I tweeted this about an hour ago:
“Now, at long last, will my fellow Christian clergy get out of politics? Instead of playing for worldly power and dirtying the Church’s reputation, let’s do our job: proclaim Christ and make disciples!”
I speak as one who, thirteen years ago, made the mistake of running for public office while serving as a pastor. While I was always quick to say that I was not a “Christian candidate” or that I knew what God’s politics (I don’t believe there is such a thing) was, running was a terrible risk.
Why was it a risk?
Because it risked alienating people from Christ, the Gospel, and the Church when people heard a pastor advocating particular political ideas.
No political idea is worth losing the chance to commend Christ’s saving gospel, which is the only way to forgiveness of sins and life with God. Nothing is important as that.
If I’m going to offend people, I want to do it by lovingly lifting up Christ, “the way, and the life, and the truth” (John 14:6).
I've written before that there are exceptional circumstances when the Church and its clergy will feel called to speak up about political issues. This applies especially when one feels that injustices are being committed. But such speaking should never be done in the service a political party or candidate, so as to avoid subordinating the gospel message to a human message or a human being.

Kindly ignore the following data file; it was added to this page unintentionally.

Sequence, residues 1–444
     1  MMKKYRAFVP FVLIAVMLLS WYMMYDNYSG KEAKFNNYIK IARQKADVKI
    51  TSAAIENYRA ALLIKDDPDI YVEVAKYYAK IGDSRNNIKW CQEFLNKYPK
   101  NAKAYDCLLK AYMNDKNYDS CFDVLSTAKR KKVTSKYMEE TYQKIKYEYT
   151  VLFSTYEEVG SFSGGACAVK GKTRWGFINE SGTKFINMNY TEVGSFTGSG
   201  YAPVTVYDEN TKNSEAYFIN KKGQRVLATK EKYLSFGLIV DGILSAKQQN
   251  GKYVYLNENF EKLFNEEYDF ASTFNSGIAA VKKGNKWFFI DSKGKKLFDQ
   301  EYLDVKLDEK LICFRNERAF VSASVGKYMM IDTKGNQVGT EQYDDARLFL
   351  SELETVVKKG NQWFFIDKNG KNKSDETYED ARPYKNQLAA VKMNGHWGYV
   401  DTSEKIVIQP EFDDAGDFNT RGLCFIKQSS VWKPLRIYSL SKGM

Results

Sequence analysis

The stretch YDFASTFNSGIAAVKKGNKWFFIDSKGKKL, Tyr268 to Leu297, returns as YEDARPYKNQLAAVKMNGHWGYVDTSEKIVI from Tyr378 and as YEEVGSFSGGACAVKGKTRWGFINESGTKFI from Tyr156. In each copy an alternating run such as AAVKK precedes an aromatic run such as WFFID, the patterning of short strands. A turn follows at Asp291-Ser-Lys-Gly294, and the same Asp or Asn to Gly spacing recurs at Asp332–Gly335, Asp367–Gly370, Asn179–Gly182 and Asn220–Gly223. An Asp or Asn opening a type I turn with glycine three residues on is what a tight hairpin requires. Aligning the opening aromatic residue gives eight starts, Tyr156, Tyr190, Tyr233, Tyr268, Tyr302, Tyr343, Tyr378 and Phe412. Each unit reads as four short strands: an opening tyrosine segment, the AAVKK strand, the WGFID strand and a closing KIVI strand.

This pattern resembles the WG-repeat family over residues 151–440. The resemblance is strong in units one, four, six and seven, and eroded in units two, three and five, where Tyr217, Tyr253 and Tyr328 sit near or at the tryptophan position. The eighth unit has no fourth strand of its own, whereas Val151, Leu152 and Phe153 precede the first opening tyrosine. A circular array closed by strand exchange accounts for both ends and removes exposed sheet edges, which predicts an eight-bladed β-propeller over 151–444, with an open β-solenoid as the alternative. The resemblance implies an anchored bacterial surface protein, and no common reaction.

To subordinate anyone or anything to Christ and His gospel is to engage in idolatry, a violation of God's First Commandment: "You shall have no other gods before Me."
I pray fellow clergy and church bodies, both politically right and left, will stop playing politics and instead proclaim Jesus Christ!
[I'm the pastor of Living Water Lutheran Church in Centerville, Ohio.]